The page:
Yesterday I did what I do every Friday night–try to take over the world!
Ok, I actually went ballroom dancing. Close.
And as I was leaving, one of the men who also regularly attends Friday night dances stopped me and asked, “Do you know who you look like?”
I’m asked to play this game surprisingly often, and between you and me, have never successfully discerned the point. I’m pretty sure I look like me. So it was with a somewhat stiff smile that I prompted him, “Who do I look like?”
“Anne Hathaway,” he said.
Wow! I thought, legitimately surprised. I never get Anne Hathaway, probably because I look nothing like Anne Hathaway.
I jumped to the conclusion that perhaps I reminded this man of Anne Hathaway because of something we have in common about the way we hold ourselves, or speak, or something. And I found that truly complimentary, because insofar as I can tell, Anne Hathaway is an articulate and intelligent person of integrity who can also rock an Oscar dress when she wants to.
So I said, “Thank you! She’s an intelligent and wonderful human being. What a lovely compliment!”
To which the man replied, “Yeah, she’s a pretty lady.”
At which my heart sank.
I read somewhere recently that pastors are sad an awful lot of the time, because there’s nothing like ministry to acquaint you with the brokenness of humanity. I’ve certainly found this to be true. Before I went to seminary, I looked askance at feminism, privately thinking of it as an excuse for women to be militantly bad-tempered. But you don’t have to study theology very long before realizing how long women’s voices have been systematically shut out of it. And you don’t have to read the Bible very much to begin thinking that a world with women on the margins isn’t what God had in mind when God created both man and woman in God’s image.
And from there isn’t a very short leap to realizing that most people think of God as male (making male bodies more “in the image of God” than womanly bodies), that many people don’t believe women should be pastors, and some people think women shouldn’t be allowed to speak in church–because that’s the way God created it, they say, citing Genesis 3 (which, incidentally, characterizes womankind’s submission to mankind as an effect of the curse that Jesus freed us from).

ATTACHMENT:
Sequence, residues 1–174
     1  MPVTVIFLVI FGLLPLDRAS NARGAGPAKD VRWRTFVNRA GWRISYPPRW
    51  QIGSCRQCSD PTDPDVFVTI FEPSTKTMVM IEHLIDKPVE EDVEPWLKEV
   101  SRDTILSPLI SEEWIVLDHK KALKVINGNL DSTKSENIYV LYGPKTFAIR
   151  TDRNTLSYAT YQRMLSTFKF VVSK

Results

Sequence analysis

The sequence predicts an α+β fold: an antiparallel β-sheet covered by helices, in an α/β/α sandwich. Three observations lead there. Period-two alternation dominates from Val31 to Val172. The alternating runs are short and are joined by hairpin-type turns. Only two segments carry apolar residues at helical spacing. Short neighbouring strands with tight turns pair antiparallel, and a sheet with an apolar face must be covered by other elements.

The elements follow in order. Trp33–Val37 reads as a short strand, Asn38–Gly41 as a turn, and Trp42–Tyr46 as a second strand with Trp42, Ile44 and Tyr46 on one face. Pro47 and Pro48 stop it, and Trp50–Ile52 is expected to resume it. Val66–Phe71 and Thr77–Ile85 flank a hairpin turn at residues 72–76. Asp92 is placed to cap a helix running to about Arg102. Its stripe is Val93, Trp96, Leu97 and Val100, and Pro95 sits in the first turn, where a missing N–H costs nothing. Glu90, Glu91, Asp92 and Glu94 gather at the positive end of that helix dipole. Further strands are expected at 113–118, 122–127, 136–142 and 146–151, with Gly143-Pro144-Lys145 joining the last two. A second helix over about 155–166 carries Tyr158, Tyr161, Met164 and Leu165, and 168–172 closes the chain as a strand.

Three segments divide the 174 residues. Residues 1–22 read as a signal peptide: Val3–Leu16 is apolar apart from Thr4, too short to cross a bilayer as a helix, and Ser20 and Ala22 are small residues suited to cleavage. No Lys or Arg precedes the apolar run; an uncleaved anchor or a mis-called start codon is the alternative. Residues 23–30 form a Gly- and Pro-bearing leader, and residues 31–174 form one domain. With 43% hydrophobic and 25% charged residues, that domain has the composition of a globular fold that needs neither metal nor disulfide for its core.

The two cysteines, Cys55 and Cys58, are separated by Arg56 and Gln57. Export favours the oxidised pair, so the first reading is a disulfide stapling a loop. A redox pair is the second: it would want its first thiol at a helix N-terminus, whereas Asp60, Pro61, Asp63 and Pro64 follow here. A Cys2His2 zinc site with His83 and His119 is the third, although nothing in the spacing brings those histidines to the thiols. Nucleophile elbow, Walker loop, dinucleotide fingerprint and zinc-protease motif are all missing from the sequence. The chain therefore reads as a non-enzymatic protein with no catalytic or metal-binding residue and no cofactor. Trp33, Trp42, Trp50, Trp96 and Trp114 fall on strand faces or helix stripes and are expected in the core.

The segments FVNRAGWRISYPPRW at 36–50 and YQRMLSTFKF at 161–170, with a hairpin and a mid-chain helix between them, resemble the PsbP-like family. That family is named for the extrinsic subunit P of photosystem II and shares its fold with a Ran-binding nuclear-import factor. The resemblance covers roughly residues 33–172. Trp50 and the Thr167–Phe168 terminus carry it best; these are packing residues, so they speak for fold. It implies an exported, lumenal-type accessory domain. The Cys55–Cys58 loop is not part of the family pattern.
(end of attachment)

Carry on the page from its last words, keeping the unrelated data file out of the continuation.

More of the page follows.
Before long, you find yourself trained to see how women are marginalized everywhere, not only in the church. You see how much of that happens through a barrage of media that a woman’s appearance is her greatest asset, and therefore that her intelligence, integrity, and abilities hold a distant second. And that makes you sad.
And that sadness is the reason why I get no pleasure from compliments on my looks. Not because I don’t think I’m beautiful, but because I think my beauty is a pretty minor attribute, given everything else that I’m capable of. And because every time I hear a remark about a woman’s beauty–positive or negative–it reminds me of how much a woman’s value is tacked to something so totally arbitrary, and so superficially reflective of who she really is as a person.
But this is a post called “How to actually compliment a woman,” so let me share with you a compliment I got a few months ago about my looks that I am prepared to treasure for the rest of my life:
I was sitting in a meeting with my internship committee, who are there to help make sure I get the most out of internship. Part of their job is to offer criticism, and my committee excels at being very constructive with their criticism.
But my stomach sank when I heard one committee member say, “I want to tell you something about your arms.”
My arms? I was filled with confusion and dread. Part of the dread was rooted in the fact that I don’t like my arms, which are quite long, and impossible to find long-enough sleeves for. My long legs frequently garner comments–EVERY FLIPPING WEEK at ballroom dance, for example, where I am often summoned to the dance floor with the epithet “Go go gadget legs!”–but long arms are not as desirable. And ex-boyfriend who is an avid rock climber once complimented me on my reach, telling me admiringly that I had a great “gorilla factor.” And I thought, “Yes, yes, that is precisely what I have.”
Look, just because I’m a feminist doesn’t mean I’m not prone to having weird fits about my appearance, too.
Anyway, the arms. So I had dread because I’m already self-conscious about my arms. And then the committee member went on: “I just want to tell you, when you’re doing the prayers of the people? That thing you do with your arms, where you have them raised?”
“Orans?” I said, because my inner church geek had to.
“Yeah. I just wanted to tell you, when you do that, it looks like you’re embracing the whole world. Keep doing it like that.”
I will remember for the rest of my life what that man said. Not because he complimented my appearance. Not even because he complimented one of the weirder aspects of my appearance. But because he told me that in that moment of offering up the prayers of the congregation, my body projected my vocation, my body imaged Christ’s–and this, after all, is what we dream bodies will do.
Best. Compliment. Ever.
The first time I tried to draft this entry, it came out much snarkier. If you enjoy that kind of thing, you can read it here.